For a series as persistently and consistently big as Pokemon, reaching the 20th anniversary is a big milestone- lesser series fizzle out long before then, flaring bright, and then fading away. Pokemon has managed to consistently maintain its level of popularity and sales performance (even seeing spikes, like it did earlier this year with Pokemon GO), and it has done it over an incredibly long period of time. An occasion this special, then, needed a special game to be commemorated properly. Pokemon Sun/Moon rise up to that mantle. They are a celebration of everything that Pokemon has ever achieved, but their sights are set squarely on the future that will take Pokemon through its next 20 years. They lay a great foundation for the future of the franchise, and I can’t wait to see where the franchise goes from here.
There’s a lot that Pokemon Sun/Moon do wrong- they’re incredibly slow games (the previous 3DS Pokemon games, for all of their other faults, were quick and snappy, and nothing ever took quite so long), they obfuscate simple actions that X/Y and OmegaRuby/AlphaSapphire had made great strides in making transparent for the player, they introduce new mechanics that are either underutilized or overutilized, and they place far too much emphasis on telling a story that they don’t always end up telling well.
There are many problems with Pokemon Sun/Moon, but I think that in spite of that, most players will come away with the experience very happy. Releasing on the 20th anniversary of Pokemon, these games are a celebration of the franchise, and all that it has ever accomplished- but as much as they are about what has come and already been done, they are very forward thinking games. In fact, these games represent the first true steps forward from the standard Pokemon formula that the series has ever taken. Breaking down the Pokemon formula, and doing away with conventions that make no sense – why do you need to teach your Pokemon undeletable HMs to be able to progress through the overworld? Why do you have to wait till you get to a PC in a Pokemon Center to be able to retrieve your newest catch and add it to your party? Why must you be beholden to hidden numbers that are randomly generated and that you have no control over? And above all, why must you always set out on a journey, defeat eight gym leaders, and then take on the Pokemon League? – these games radically rethink the franchise, paving the way forward for future games to come, while also staying true to the spirit of Pokemon.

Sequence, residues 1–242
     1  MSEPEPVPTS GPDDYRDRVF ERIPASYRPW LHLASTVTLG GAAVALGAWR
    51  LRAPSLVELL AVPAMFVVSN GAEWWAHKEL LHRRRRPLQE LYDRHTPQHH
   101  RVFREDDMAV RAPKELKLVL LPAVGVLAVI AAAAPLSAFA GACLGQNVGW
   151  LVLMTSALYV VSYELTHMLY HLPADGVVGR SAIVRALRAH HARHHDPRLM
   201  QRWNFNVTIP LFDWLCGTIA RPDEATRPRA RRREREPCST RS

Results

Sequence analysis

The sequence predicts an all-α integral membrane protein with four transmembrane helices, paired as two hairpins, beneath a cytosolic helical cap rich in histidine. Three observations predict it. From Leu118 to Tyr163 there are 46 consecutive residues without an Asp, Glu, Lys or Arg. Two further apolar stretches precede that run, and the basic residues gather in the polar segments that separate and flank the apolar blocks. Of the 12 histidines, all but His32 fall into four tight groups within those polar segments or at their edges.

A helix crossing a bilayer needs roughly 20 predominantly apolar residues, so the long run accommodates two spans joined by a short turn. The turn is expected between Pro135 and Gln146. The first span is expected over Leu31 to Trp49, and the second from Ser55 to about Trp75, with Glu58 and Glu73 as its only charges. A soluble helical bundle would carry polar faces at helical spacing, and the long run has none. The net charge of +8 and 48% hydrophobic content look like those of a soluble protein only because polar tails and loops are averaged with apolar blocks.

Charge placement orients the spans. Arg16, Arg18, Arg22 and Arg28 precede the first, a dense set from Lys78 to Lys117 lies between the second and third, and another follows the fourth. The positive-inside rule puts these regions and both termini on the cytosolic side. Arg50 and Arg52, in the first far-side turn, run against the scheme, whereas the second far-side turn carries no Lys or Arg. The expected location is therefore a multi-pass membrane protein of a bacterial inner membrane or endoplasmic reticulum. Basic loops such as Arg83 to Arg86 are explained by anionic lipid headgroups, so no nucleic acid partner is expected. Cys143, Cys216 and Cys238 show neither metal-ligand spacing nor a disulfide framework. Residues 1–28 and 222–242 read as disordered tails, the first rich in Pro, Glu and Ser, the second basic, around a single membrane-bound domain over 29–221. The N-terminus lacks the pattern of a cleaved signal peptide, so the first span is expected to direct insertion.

"Pokemon Sun/Moon place a lot of focus on their story."
The differences between Sun/Moon and previous Pokemon games are apparent literally as soon as you start the game- the game jumps to a cold open, but before you’ve had a chance to acclimatize yourself to that, it skips away to an unknown place, showing an unknown girl fleeing- whom? We don’t know, but instantly, we are struck by the series’ new penchant for cinematism and storytelling- something that the game never lets up on.
Pokemon Sun/Moon place a lot of focus on their story. You meet characters who become a constant presence in your journey, and while that sounds like a bit of a nightmare, given how poorly developed supporting characters have been in recent Pokemon games (remember the annoying band of friends in X/Y?), everyone here is incredibly endearing and very well done. By the end of your journey, you feel closer to these characters, whom you have seen grow right alongside you, and you are genuinely fond of them. Lillie, in particular, is probably the best developed character that Pokemon has ever had, and the payoff to her story is heart warming.
These characters accompany you on Pokemon‘s most ambitious story till date. OmegaRuby/AlphaSapphire gave us a taste of the kinds of stories that Game Freak could explore with Pokemon with the Delta Episode, and now, freed from the limiting eight gyms structure that has shackled the series since its inception, the developers spread their wings and go nuts. The story in Pokemon Sun/Moon is more in line with a traditional JRPG plot than it is a Pokemon story- although traditional series motifs, such as the token evil team, the world ending conspiracy, and the protagonist’s coming of age still remain. It’s just as well then that Sun/Moon feature the best writing and localization in the series, featuring sharp dialog, and some rather sophisticated themes that are handled surprisingly well. This is clearly a game that was made to tell a story, and it takes its time to tell its story, sometimes even interrupting the game for minutes upon minutes for cutscenes.